Advertisement
YOU ARE HERE: LAT HomeCollectionsCoors Field
IN THE NEWS

Coors Field

FEATURED ARTICLES
SPORTS
April 19, 1997 | From Associated Press
After a slow start, Kenny Lofton is starting to tame National League pitching, while Tom Glavine is doing his best to tame Coors Field. Glavine pitched his first shutout since 1995--when he earned the first one ever at Coors Field--and Lofton had five hits Friday night, leading the Atlanta Braves over the Colorado Rockies 14-0. "I love this place," quipped Glavine, who gave up seven earned runs--the most in his career--during his last visit to Coors Field.
ARTICLES BY DATE
SPORTS
September 2, 2013 | By Dylan Hernandez
DENVER - Clayton Kershaw and Yasiel Puig didn't last six innings Monday, but both insisted they were fine after the Dodgers' 10-8 victory over the Colorado Rockies at Coors Field. Kershaw was credited with his 14th win but had what was his worst start of the season, as he was charged with a season-high five earned runs and a career-high 11 hits in five innings. He said he wasn't fatigued, even though this was his second rough start in a row. "I haven't hit a wall before," Kershaw said.
Advertisement
SPORTS
June 9, 2012 | By Mike DiGiovanna
DENVER - Coors Field is still considered a hitter's park, but it's nowhere near the launching pad it was when Angels General Manager Jerry Dipoto pitched for the Rockies from 1997-2000, when it was known as Coors Canaveral. "I told my wife after I retired that I did OK for myself here," said Dipoto, who went 9-6 with a 3.95 earned-run average and 13 homers given up in 128 career games in Coors Field. "But 20 or 30 years from now, when we're sitting on the porch with our grandkids, they're going to say, 'Grandpa stunk.' Well, it was much harder than it looked.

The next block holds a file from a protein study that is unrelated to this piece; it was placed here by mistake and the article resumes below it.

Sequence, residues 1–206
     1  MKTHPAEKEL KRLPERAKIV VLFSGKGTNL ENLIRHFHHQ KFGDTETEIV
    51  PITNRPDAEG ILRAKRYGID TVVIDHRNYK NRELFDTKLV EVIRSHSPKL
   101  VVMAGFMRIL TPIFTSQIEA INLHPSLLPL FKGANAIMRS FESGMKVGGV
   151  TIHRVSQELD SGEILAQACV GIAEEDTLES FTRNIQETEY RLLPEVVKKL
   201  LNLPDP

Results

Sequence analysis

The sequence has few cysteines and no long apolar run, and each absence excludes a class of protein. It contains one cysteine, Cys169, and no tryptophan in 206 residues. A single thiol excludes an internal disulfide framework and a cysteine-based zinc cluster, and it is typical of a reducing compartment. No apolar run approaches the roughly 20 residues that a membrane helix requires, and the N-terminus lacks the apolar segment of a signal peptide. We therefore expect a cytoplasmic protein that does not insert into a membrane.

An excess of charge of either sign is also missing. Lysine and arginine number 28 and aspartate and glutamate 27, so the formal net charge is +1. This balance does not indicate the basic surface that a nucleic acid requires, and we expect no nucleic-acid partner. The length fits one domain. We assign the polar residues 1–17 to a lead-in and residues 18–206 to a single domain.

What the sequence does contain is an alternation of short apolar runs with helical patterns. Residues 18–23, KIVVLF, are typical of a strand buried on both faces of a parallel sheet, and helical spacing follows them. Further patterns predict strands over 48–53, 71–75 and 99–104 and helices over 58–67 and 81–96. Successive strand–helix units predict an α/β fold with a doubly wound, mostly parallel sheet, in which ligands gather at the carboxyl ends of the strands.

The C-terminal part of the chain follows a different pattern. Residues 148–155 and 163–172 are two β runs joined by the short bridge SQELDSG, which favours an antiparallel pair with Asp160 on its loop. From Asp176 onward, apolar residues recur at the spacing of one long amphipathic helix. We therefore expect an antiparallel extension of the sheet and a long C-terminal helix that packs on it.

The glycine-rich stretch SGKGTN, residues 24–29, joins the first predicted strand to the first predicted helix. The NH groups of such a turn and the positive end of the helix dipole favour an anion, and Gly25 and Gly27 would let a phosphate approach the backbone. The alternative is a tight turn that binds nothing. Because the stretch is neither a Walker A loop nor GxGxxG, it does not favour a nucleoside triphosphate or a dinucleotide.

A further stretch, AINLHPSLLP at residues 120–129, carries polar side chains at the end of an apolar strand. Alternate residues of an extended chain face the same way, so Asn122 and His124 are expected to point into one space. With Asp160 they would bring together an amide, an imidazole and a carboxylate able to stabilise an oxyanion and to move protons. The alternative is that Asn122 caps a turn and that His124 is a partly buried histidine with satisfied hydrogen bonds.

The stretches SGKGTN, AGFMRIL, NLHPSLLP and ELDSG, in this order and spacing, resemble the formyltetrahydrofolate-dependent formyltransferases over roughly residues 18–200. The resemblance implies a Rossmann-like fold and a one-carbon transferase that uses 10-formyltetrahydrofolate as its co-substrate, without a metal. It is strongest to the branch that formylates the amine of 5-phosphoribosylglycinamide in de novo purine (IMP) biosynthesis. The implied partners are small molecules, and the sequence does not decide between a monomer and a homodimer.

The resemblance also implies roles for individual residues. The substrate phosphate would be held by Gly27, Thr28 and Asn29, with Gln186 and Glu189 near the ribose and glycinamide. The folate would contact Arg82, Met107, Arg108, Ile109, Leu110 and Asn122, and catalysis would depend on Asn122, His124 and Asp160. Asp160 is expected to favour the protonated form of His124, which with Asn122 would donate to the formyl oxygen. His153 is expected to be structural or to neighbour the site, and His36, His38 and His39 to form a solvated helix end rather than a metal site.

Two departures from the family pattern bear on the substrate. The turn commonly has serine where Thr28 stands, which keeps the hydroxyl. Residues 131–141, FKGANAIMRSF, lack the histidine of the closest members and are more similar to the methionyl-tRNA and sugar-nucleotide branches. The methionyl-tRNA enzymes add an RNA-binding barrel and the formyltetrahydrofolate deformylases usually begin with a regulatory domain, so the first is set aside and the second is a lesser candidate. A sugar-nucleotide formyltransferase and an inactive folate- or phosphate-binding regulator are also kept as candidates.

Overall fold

SPORTS
September 2, 2013 | By Steve Dilbeck
Among other things, the Dodgers can win awkwardly. They can win on those exceedingly rare occasions when ace pitcher Clayton Kershaw is something less than brilliant, can win when closer Kenley Jansen gives up a home run and can win when they almost just seem to hang on. And as a result, it is probably time to consider something that would have been absolutely unthinkable back on June 22 when the Dodgers were 9 1/2 games back in the National League...
SPORTS
September 1, 1997 | From Associated Press
Larry Walker hit his National League-leading 39th and 40th home runs, including a 493-foot shot that was the longest in Coors Field history, as the Colorado Rockies defeated Oakland, 10-4, for their sixth consecutive win. "A home run is a home run and that's the bottom line," Walker said. "I'll open the paper tomorrow and it will say home run. So I'll take that one that I hit off the top of the fence as well." Walker drove in four runs and had three hits, raising his batting average to .378.